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Hjalmar Branting Quotes

A formally recognized equality does, however, accord the smaller nations a position which they should be able to use increasingly in the interest of humanity as a whole and in the service of the ideal.

All in all, the League of Nations is not inevitably bound, as some maintain from time to time, to degenerate into an impotent appendage of first one, then another of the competing great powers.

And the annual meetings of the League's Assembly are in effect official peace congresses binding on the participating states to an extent that most statesmen a quarter of a century ago would have regarded as utopian.

As a result of the World War and of a peace whose imperfections and risks are no longer denied by anyone, are we not even further away from the great aspirations and hopes for peace and fraternity than we were one or two decades ago?

As long as the problem of world reconstruction remains the center of interest for all nations, blocs having similar attitudes will form and operate even within the League itself.

At Geneva, the neutral states were often in agreement concerning the preliminaries for Genoa, and Genoa itself was marked by a quite natural mutual exchange of ideas.

Before the war there were many who were more or less ignorant of the international labor movement but who nevertheless turned to it for salvation when the threat of war arose. They hoped that the workers would never permit a war.

But it is possible that, in the days ahead, these years we have lived through may eventually be thought of simply as a period of disturbance and regression.

Fraternity among nations, however, touches the deepest desire of human nature.

I do not overlook the fact that the appearance of these new, free nations in the European political community not only celebrates the return of the prodigal son but also creates new sources of friction here and there.

It is a commonplace that the League of Nations is not yet-what its most enthusiastic protagonists intended it to be.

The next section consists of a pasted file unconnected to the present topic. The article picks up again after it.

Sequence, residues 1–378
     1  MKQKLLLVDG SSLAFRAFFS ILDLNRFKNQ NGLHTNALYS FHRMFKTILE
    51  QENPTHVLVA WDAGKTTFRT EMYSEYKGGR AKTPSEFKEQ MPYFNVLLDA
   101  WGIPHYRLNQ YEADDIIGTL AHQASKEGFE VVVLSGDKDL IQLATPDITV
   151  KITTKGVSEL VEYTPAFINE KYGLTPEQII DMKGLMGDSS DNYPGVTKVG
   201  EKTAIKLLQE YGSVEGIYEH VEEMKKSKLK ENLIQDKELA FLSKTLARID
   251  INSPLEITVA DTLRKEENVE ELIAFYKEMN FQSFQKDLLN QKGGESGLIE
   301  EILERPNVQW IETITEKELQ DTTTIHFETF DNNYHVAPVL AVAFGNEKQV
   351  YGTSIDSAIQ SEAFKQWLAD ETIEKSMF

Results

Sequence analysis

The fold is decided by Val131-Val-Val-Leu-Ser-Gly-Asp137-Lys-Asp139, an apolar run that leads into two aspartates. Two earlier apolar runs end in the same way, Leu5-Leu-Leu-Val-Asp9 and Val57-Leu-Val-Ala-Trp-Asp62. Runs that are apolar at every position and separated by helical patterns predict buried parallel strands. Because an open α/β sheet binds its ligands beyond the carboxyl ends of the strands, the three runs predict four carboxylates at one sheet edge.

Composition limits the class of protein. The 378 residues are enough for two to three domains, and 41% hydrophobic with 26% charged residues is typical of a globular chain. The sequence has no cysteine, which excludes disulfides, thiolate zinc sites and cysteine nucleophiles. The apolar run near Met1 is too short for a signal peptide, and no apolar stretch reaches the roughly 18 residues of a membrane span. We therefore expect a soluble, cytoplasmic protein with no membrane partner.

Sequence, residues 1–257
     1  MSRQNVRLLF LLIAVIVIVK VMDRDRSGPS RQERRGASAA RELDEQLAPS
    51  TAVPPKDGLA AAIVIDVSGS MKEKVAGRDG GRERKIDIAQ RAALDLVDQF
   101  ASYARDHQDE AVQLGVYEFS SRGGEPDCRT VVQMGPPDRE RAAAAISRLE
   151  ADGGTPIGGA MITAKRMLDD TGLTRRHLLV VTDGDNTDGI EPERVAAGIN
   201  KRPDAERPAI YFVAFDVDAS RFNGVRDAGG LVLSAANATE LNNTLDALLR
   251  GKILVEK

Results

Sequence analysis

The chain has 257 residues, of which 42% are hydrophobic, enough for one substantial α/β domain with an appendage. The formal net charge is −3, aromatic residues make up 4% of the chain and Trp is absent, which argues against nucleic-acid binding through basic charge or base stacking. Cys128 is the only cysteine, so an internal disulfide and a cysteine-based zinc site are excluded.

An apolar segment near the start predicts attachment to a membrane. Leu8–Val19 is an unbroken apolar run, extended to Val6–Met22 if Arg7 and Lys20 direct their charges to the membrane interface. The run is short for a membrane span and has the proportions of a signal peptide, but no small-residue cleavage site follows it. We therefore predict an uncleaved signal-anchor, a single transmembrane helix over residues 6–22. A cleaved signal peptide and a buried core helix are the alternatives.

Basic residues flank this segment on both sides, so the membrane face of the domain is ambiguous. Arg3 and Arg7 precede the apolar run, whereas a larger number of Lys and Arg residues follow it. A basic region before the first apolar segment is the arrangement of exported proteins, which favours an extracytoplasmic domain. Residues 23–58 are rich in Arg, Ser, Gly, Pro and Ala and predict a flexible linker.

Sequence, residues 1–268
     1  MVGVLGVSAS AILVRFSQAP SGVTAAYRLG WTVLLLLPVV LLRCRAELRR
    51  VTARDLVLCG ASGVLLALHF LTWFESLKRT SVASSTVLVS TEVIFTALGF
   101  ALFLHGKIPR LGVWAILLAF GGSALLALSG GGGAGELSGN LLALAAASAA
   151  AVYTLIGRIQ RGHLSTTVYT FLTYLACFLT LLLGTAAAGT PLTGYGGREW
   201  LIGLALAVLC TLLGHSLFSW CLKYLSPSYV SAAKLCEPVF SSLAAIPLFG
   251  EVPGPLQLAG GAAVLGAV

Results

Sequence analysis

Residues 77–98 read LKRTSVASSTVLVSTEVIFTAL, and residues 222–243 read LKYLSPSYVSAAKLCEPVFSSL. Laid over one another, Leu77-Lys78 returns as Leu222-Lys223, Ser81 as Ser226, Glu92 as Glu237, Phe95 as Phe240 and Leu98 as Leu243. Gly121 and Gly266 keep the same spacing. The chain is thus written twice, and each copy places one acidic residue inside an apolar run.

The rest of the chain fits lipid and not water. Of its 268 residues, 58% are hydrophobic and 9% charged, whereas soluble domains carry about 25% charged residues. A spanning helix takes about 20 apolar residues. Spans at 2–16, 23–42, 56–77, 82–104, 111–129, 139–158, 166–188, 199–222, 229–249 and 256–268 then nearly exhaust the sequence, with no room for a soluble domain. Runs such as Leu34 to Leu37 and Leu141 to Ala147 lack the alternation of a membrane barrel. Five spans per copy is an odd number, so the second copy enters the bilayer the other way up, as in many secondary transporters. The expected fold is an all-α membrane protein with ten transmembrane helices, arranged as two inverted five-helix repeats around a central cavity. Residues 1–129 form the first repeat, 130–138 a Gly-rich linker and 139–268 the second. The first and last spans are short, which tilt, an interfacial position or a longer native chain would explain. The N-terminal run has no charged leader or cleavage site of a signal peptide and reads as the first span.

Last year, the Assembly of the League, as a result of the initiative taken by the Scandinavian nations, further limited and clarified all the provisions of the clause prescribing the duty of states to participate in sanctions.

Let us return, however, to the League of Nations. To create an organization which is in a position to protect peace in this world of conflicting interests and egotistic wills is a frighteningly difficult task.

No nation is so great as to be able to afford, in the long run, to remain outside an increasingly universal League of Nations.

The equality among all members of the League, which is provided in the statutes giving each state only one vote, cannot of course abolish the actual material inequality of the powers concerned.

The kind of support encouraged by such modes of expression has always arisen basically from confusing the fatherland itself with the social conditions which happened to prevail in it.

The World War broke out with such elemental violence, and with such resort to all means for leading or misleading public opinion, that no time was available for reflection and consideration.

There is no reason why agreement on particular points should not be both possible and advantageous to the so-called neutrals and to one or more of the blocs, either existing or in the process of formation, within the League of Nations.

We here in the North have for many years had a natural tendency to feel that when our representatives come together at an international meeting, we embark on the quest of mutual understanding and support.

We must remember that the people for whom this change represents a first taste of freedom and a new and brighter future did not allow their resolution to falter, no matter how great the suffering by which they bought this independence.